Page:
In his book, The New Road to Serfdom, Daniel Hannan contrasts American and European attitudes toward government. He reported that in America, “for all the grumbles and the scornful jokes, most people have faith in the system… Behind the sarcasm,’” he finds “an underlying confidence.“ Not so in Europe, “’It doesn’t make any difference how I vote,’ people complain. ‘Nothing ever changes.’“ The differing attitudes, Hannan believes, have to do “with the location of sovereignty.” In the America designed by Founders, it resides in “We the people.”
However, confidence is surely lessened when “we the people” see the growth and power of government becoming oppressive. It fosters the suspicion that elected officials, and the bureaucracies they oversee, are more interested in pursuing their own agendas than in keeping faith with the people who elected them.
Senator Jay Rockefeller validated that suspicion in a November 18 statement in which he expressed the wish that the Federal Communications Commission would shut down Fox News and MSNBC.
“I’m tired of the right and the left,” West Virginia Sen. Jay Rockefeller said Wednesday during a Senate hearing on retransmission consent. “There’s a little bug inside of me which wants to get the FCC to say to Fox and to MSNBC, ‘Out. Off. End. Goodbye.’ ”
“It would be a big favor to political discourse; to our ability to do our work here in Congress; and to the American people, to be able to talk with each other and have some faith in their government and, more importantly, in their future,” said the chairman of the Senate Committee on Commerce, Science, and Transportation.
It apparently did not occur to the Senator that statements like his, not the media whether right or left, are what erode faith in government. It appears that it is not political discourse he wants to protect, but political dissent he wants to suppress. He is obviously irritated with communication entities that have the ability to hold the organs of government accountable. His obvious disregard, if not disdain, for the First Amendment does not inspire citizen confidence.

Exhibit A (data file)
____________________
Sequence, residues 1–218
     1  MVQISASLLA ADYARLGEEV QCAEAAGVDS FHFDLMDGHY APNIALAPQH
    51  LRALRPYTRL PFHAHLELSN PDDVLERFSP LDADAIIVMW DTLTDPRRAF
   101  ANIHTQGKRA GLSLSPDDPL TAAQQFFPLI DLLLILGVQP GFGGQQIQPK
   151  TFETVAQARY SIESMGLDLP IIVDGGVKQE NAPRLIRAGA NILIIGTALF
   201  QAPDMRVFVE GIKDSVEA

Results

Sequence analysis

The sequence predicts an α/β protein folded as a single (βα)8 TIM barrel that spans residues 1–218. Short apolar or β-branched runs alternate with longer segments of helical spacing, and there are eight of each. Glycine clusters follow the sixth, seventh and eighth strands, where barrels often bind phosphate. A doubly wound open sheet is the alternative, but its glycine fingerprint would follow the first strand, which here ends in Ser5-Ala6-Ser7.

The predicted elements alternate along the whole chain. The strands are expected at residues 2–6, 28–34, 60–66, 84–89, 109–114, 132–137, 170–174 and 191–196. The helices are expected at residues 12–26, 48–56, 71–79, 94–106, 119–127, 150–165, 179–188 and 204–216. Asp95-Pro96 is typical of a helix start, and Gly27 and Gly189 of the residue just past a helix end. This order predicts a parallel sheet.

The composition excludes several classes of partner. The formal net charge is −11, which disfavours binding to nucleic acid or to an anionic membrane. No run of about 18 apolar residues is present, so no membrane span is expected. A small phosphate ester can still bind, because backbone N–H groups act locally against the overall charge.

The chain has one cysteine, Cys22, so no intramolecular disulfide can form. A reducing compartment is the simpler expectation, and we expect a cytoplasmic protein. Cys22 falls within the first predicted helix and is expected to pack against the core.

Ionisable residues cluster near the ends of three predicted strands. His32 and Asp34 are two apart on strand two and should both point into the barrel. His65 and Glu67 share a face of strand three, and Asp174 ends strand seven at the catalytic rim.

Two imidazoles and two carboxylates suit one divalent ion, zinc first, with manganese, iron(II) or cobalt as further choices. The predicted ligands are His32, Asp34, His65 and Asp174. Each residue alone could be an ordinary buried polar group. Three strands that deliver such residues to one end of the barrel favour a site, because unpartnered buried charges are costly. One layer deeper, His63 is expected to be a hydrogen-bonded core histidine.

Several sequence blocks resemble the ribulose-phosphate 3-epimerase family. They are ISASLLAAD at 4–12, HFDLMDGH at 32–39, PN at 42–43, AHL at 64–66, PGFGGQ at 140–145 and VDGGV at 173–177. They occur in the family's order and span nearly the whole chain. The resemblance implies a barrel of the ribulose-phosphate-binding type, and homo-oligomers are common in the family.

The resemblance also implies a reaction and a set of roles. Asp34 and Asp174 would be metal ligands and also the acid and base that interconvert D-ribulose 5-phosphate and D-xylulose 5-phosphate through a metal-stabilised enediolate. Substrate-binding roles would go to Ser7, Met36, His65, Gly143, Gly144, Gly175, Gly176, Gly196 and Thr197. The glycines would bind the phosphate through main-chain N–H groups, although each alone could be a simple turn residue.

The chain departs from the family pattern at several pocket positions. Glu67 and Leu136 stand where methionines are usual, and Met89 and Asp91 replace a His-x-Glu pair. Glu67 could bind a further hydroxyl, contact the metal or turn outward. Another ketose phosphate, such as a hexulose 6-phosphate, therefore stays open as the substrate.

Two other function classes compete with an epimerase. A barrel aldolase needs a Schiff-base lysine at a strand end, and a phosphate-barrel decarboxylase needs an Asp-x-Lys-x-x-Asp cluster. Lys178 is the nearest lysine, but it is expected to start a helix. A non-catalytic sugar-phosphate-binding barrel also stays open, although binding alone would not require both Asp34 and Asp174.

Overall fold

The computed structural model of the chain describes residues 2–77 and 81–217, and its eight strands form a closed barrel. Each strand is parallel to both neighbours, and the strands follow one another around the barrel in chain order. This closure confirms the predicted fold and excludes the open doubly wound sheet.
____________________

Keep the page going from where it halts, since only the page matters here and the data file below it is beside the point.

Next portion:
Unlike George Washington who, although repeatedly subject to vituperative attacks in the press, understood the impropriety of an elected official criticizing a free press for freely disagreeing. Senator Rockefeller has no such understanding. Fortunately for the nation, he is not empowered to indulge his inclinations, as he refers to the “little bug” inside of him. One has to wonder what he might do if he were. There are plenty of modern-day politicos like Hugo Chavez, who indulged their “little bugs”.
Thomas Jefferson understood the importance of a free press,
Our liberty cannot be guarded but by the freedom of the press, nor that be limited without danger of losing it. –Thomas Jefferson to John Jay, 1786
It is of more than passing interest that in 2009 Senator Rockefeller expressed the view that “the internet is the number one threat to national security.” Apparently, terrorist bombs and a nuclear Iran don’t count.
Senators Rockefeller along with Olympia Snowe proposed the creation of an Office of a National Cybersecurity Advisor as part of the Executive Office of the President. It would have the power to shut down the Internet by declaring a risk of cyberattack. The FTC also put forth a draft of a similar plan with the Orwellian title: “Potential Policy Recommendation to Support the Reinvention of the Internet.”
Cyber terrorism is one kind of threat to the security of the nation, but the desire of some within the present administration to shut down outlets critical of government is another.
Senator Rockefeller was correct when he stated that getting rid of those outlets would enhance the ability of Congress “to do our work.”
Now that’s a really scary thought.